1. Limited access to clients puts up roadblocks. 

Bargaje said it can be difficult to get access to the clients a firm serves. 

“[People in professional services] don’t want to look bad in front of their clients. It is not in their way of thinking to put innovators in front of the clients until the clients ask for it,” he said. 

But Bargaje said exactly that type of request from clients has become increasingly prevalent. 

“We’re seeing clients asking about innovation in RFPs. They’re looking for [whether] you have an innovation team. … There is demand happening from the client side. Professional service organizations like to service their clients… If the client asks for it, then the people who are in control are incentivized to promote it,” he said.

Communicating as a Way to Put Innovation Top of Mind 

Bargaje said one way to build momentum is to communicate internally.

The key is, you have to win small, showcase your wins, and keep building on that.

He asked his Chief Marketing Officer to assign a member of the business development team to support Bargaje’s innovation team. That person attends the team’s meetings, keeps track of what’s happening inside the team, and helps put out messages about innovation at Mayer Brown. 

“The key is, you have to win small, showcase your wins, and keep building on that,” he said. 

The business development professional can also help Bargaje identify people that could use help from the innovation team, as well as track what is important to clients and the firm’s lawyers. 

‘[She] knows where the leads are coming from, where the deals are going. They know which lawyers are struggling, which lawyers are not. … Have your allies spread out, because innovation is not going to be a [single] department thing,” he said. 

Metrics and Measurement

Because Bargaje’s team is relatively new, he said it primarily uses activity metrics to measure its progress and growth. 

Those metrics include how many projects are created; how many projects are in flight; how many projects are abandoned; and the number of interactions with internal and external clients, among others.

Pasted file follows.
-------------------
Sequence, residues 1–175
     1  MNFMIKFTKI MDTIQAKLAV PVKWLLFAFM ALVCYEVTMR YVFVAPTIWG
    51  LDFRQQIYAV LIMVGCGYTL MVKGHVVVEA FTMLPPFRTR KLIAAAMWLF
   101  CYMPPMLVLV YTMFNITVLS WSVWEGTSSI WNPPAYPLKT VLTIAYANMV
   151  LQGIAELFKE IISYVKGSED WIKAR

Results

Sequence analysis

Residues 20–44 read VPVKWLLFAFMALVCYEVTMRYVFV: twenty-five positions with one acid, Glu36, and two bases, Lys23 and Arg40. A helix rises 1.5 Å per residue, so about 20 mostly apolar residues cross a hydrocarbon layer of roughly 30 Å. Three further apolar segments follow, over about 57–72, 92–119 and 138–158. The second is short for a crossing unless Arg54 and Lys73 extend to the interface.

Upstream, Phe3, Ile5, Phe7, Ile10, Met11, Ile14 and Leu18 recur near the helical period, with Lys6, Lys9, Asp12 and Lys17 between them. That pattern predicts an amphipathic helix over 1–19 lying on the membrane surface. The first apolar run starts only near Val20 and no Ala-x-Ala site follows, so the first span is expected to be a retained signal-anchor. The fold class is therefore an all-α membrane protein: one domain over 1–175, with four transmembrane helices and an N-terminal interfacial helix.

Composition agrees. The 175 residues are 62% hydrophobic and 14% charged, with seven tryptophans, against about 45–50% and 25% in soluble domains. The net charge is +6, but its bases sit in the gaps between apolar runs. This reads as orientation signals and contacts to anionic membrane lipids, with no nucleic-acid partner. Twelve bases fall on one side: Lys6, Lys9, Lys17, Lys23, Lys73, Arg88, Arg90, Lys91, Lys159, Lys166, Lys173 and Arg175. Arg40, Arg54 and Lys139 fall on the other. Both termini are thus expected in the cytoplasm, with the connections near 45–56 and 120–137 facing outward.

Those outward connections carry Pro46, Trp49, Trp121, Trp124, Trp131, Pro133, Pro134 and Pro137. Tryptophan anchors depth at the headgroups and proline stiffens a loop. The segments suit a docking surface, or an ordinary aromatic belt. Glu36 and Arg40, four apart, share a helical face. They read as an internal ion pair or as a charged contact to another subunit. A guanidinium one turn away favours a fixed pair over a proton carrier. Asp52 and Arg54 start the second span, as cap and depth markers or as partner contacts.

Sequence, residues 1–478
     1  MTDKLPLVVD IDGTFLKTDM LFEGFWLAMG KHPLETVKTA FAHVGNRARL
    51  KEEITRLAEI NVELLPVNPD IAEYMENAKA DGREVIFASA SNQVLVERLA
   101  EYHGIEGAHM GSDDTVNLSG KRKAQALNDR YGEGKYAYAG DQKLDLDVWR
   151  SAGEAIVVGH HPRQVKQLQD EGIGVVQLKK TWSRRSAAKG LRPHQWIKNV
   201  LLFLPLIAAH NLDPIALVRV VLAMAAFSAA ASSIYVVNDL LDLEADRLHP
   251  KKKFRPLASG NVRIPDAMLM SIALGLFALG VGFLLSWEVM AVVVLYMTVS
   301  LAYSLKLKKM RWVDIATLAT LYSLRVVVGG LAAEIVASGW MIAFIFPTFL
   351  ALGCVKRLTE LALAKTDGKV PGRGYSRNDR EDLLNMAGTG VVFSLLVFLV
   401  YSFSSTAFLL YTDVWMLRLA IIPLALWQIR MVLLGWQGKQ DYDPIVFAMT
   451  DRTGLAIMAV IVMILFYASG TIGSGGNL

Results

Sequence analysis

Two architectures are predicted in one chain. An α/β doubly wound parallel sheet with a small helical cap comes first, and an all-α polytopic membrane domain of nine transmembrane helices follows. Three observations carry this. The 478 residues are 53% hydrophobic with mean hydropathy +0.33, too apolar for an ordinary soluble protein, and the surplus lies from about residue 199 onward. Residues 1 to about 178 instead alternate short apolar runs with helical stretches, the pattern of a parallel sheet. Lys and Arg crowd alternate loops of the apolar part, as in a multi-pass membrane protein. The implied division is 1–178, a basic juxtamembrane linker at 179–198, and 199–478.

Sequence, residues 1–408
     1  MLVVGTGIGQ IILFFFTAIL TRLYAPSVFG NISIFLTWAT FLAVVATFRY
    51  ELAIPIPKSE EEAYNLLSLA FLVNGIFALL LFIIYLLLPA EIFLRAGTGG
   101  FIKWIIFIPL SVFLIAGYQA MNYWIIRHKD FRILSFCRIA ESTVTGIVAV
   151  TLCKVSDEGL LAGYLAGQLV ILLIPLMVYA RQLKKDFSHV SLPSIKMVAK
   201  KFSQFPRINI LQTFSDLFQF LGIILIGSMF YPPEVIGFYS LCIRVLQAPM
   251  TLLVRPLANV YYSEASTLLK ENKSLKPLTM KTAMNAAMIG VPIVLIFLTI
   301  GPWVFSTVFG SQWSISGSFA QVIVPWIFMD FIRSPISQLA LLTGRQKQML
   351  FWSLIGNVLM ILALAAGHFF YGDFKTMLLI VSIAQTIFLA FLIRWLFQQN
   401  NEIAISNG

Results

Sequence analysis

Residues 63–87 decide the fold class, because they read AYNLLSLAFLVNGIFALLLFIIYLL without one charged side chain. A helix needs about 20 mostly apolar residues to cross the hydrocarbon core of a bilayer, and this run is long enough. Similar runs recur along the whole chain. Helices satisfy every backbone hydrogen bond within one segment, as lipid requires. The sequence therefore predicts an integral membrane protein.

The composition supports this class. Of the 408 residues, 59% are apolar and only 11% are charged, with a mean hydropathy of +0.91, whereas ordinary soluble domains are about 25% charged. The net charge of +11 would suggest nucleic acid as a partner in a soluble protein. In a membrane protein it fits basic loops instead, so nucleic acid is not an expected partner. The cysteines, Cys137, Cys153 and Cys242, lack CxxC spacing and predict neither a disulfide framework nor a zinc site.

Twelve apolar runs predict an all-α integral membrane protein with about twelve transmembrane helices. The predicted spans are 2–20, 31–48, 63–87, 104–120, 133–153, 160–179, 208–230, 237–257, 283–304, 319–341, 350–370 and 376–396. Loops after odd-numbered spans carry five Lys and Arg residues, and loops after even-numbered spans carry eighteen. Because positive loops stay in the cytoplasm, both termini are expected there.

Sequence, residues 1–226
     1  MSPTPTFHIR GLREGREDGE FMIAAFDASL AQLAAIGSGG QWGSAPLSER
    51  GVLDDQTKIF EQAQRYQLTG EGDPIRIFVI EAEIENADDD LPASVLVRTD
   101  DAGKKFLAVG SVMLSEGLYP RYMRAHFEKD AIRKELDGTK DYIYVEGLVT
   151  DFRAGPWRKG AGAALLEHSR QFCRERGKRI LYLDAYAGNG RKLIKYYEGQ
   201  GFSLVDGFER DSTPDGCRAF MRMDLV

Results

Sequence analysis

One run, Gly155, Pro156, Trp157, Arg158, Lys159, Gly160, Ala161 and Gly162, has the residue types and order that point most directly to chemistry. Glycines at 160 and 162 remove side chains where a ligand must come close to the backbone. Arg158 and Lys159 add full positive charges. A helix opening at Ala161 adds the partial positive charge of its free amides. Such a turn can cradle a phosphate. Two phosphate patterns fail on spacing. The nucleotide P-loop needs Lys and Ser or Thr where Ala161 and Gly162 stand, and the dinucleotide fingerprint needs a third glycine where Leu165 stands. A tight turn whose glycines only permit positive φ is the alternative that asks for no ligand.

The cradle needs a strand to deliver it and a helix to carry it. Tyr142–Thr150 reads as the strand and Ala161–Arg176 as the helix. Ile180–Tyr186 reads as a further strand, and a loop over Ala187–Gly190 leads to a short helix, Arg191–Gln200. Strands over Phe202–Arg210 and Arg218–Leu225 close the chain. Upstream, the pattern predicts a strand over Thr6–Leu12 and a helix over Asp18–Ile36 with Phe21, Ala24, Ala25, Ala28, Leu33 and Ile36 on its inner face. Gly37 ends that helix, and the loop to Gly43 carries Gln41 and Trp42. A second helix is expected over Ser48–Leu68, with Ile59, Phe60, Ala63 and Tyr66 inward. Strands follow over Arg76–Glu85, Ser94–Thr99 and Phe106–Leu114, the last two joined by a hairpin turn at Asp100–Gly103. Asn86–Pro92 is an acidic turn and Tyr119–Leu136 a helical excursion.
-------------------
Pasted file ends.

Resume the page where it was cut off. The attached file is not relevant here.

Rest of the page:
He said the team has not yet begun to measure how much revenue it has helped to generate, but that revenue-based metrics will be “phase two” metrics that he expects to implement in years three, four, and five. 

The team also uses a rubric to determine whether a project is worthwhile to complete — but because the team is still evolving, it does sometimes break its own rules. 

“We might do a project which is low ranking because we are trying to get traction in a certain geography,” he said. “You [may choose to] work in areas which are low margin, low cost, but they are more inclined to adopt innovation or automation. … You have to keep trying your luck in every jurisdiction you can,” he said. 

2023 Goals and Focuses

Bargaje said he has two major goals for 2023: galvanizing his team and growing the firm’s data footprint. 

He said he will be working to facilitate easier operations with his team, which is mostly composed of people he hired over the past several months. In doing that, he said he knows his team has the opportunity to create meaningful contributions on a number of fronts, data among them. 

“We track a lot of data in silos, but we don’t connect it together,” he said. “If we harness that, we could do so much with our data for competitive intelligence. … If we are successful with these endeavors, that will require our teams to grow.”

*The interviewee’s views and opinions do not represent those of his firm. They are his own.